Comp Bio is complicated

I finished up my first lab rotation two Fridays ago, here at UT Southwestern. It was a pleasant few months with an interesting project, consisting mostly of starting at a computer screen and writing Python scripts, running BLAST searches, and so on. To summarize, but leaving things vague (both for most-people-don’t-care reasons and the-data-is-unpublished reasons), the project was this:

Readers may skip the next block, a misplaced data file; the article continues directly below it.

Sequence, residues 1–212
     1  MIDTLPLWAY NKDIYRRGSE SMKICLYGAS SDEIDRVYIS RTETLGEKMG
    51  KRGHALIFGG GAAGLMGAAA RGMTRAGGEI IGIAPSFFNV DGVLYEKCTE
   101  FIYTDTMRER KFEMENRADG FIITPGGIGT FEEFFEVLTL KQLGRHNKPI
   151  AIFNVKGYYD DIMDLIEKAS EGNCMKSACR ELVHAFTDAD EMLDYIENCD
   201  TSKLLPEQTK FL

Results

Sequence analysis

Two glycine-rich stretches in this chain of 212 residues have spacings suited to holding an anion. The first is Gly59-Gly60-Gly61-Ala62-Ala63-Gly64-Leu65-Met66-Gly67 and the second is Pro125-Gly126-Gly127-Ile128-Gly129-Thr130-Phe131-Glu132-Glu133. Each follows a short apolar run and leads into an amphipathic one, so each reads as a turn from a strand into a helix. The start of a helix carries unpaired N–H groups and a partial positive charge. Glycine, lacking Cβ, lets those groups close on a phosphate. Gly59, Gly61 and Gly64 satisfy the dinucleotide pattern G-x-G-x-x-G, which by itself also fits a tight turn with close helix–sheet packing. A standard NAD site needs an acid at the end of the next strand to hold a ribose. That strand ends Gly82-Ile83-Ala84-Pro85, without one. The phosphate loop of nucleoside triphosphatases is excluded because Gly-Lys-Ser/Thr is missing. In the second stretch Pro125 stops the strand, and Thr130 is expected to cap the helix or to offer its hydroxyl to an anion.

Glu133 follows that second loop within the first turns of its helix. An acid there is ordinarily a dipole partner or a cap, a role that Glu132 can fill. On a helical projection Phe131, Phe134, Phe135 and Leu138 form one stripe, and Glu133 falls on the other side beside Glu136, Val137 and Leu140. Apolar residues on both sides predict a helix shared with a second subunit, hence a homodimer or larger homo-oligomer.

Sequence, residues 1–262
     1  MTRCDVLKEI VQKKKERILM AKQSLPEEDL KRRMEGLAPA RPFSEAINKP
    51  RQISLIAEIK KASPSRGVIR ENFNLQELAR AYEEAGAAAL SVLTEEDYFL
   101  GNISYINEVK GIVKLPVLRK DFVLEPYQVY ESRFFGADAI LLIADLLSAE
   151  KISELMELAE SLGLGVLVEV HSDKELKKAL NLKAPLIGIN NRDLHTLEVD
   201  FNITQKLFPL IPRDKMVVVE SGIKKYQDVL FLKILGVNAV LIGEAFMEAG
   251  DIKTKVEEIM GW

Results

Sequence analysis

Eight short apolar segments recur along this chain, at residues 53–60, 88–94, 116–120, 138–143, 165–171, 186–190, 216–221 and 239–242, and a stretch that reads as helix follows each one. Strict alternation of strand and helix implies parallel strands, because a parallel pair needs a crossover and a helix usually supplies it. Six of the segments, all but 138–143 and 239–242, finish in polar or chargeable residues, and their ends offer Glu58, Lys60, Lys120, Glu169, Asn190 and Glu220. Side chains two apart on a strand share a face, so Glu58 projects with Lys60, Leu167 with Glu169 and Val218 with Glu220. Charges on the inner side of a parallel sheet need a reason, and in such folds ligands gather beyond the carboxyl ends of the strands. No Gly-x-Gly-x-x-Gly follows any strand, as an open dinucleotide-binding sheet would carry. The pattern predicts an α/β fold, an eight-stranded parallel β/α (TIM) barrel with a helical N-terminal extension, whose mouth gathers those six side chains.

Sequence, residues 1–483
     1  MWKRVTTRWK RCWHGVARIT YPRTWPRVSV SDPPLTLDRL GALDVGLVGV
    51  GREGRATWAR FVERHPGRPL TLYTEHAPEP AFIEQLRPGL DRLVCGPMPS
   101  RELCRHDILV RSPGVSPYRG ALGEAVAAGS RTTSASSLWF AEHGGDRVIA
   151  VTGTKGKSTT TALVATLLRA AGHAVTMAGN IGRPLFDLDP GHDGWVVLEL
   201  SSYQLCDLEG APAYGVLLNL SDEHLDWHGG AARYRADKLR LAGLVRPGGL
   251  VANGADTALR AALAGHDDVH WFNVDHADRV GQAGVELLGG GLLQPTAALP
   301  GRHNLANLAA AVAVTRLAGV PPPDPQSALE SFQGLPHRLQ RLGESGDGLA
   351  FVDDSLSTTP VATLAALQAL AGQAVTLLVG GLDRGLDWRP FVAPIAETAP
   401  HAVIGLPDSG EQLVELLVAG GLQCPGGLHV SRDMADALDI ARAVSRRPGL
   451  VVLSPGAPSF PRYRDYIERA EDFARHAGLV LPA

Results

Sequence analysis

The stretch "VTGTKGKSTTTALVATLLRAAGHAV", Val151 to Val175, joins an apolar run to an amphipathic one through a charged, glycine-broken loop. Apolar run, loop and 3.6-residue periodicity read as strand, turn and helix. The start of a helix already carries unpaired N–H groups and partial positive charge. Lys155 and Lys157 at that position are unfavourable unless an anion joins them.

There are currently a crap-ton (“crap-ton” is a standard scientific prefix) of bacterial and archaeal genomes published and available on NCBI‘s servers. Archaea, like bacteria, are single-celled prokaryotic organisms. However, they differ from bacteria genomically (and therefore metabolically) in many ways. Some archaeal properties are like those in eukaryotes (like us!), while others are like those in bacteria. So one of the huge unanswered questions in evolution is: how are bacteria, archaea, and eukaryotes related to each other? Or, how would we make a tree of life relating these three domains?

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